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Allowing Alex's sex change shows up a gender-biased Family Court

By Sheila Jeffreys - posted Friday, 23 April 2004

Chief Justice Alastair Nicholson has done good work during his 16 years at the Family Court. The recent report on the serious problem of violence from male partners in child custody cases should cement his reputation as a judge who respects the human rights of women and children. But his decision last week to allow a 13-year-old girl to begin a sex change process breaks this tradition. Make no mistake: the decision violates the rights of this child.

The decision means that the girl named "Alex" will embark on a course of female hormone treatment to suppress menstruation, which can be expected to lead to male hormones at 16, and surgery when she reaches 18. The decision abrogates the child's right to change her mind. And it removes her chance to grow up in a healthy female body and develop her identity long before an age when she'd be considered old enough to drive or drink alcohol.

There are a number of cases in which men, for instance, have come to regret reassignment surgery later in life, and become reconciled to being heterosexual or gay men. But they cannot reclaim their penises and testes. Treating this child as a boy with all the authority of medicine at 13 won't permit her to keep her options open. Male hormone treatment at 16 will narrow her options further, since it will begin irreversible physical changes and make it harder for her to change her mind. Both the female and male hormones may adversely affect her health.


The medical profession's belief in the efficacy of female hormones delivered as hormone replacement therapy, for instance, has been seriously undermined. Treatment with male hormones, which has to continue for life, has risks of liver damage and the shortening of her life.

This decision was reached through an inquisitorial, rather than adversarial, process. Only those elements of the medical profession who support the idea of hormonal and surgical treatment for "gender identity disorder" (GID) were called by the court. They were relied on in reaching its decision as if they speak the "truth". In fact, they should be seen as products of their time and the ideological biases of male dominance.

Indeed, their "truth" should be regarded as political opinion. They rely on the notion that there can be a "female" mind in a male's body and vice versa. Their solution is to use chemicals, amputations, castrations and sterilisations to make the bodies of GID patients fit with their interpretation of what's happening in the patient's mind.

Gender identity clinics can only diagnose the condition using the understandings of gender that exist at this time and place in history. Feminists like myself envisage a time beyond gender when there is no correct way to behave according to body shape. In such a world, it would not be possible to conceive of a gender identity clinic. The idea of GID is a living fossil – that is, an idea from the time when there was considered to be a correct behaviour for particular body types.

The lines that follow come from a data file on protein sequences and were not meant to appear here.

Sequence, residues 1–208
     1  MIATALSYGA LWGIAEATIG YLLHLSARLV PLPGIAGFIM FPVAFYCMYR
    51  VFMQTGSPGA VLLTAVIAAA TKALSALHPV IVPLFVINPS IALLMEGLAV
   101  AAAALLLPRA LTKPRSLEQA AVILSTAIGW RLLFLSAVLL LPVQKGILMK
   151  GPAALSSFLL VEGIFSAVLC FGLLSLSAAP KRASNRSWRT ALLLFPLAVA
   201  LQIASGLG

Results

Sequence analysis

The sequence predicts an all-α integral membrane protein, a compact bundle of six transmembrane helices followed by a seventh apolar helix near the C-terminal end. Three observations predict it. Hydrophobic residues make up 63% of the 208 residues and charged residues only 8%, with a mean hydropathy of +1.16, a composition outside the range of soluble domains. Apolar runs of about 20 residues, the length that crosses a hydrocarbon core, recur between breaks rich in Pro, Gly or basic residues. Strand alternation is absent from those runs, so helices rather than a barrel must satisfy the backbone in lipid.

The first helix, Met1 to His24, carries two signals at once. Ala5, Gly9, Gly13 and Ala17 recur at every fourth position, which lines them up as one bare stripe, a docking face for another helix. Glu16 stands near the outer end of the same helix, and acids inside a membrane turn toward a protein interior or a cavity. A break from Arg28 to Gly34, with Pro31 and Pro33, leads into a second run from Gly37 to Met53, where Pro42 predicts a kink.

Those with penises were supposed to play with particular toys and show "masculinity" such as desires to play aggressive team games and show little emotion. Those with vaginas were supposed to show "femininity" such as desires to be self-denying, do unpaid housework and wear high-heeled shoes. Gender identity clinics enforce correct gender behaviour through retraining, or through hormones and surgery. In this way, the medical profession can be seen to perform a political function as an arm of male dominance.

The reasons why adult women seek reassignment surgery stem from the inequality of women, from male violence and from lesbian oppression. Women who have been abused in childhood seek reassignment so that they can escape the bodies in which they were abused and gain the status of the perpetrator in order to feel safe. Some want to gain privileges they perceive to be open to men. And many feel unable to love women in the bodies of women because of societal repression and hatred of lesbians.


Feminists seek to transform society so that male violence against women and girls will end and so that women may have equal rights and love women while remaining in their healthy female bodies.

But women who seek reassignment believe that a physical solution will solve their individual problems.

Rather, it compounds the damage. The Family Court should not be recommending this solution for a child.

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Article edited by Eliza Brown.
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This article was first published in The Australian on 19 April 2004.

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About the Author

Sheila Jeffreys, associate professor of political science at the University of Melbourne, is author of Unpacking Queer Politics (Polity 2003). Her most recent book addresses these themes in detail: Beauty and Misogyny: Harmful Cultural Practices in the West (Routledge, 2005).

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Family Court of Australia
University of Melbourne
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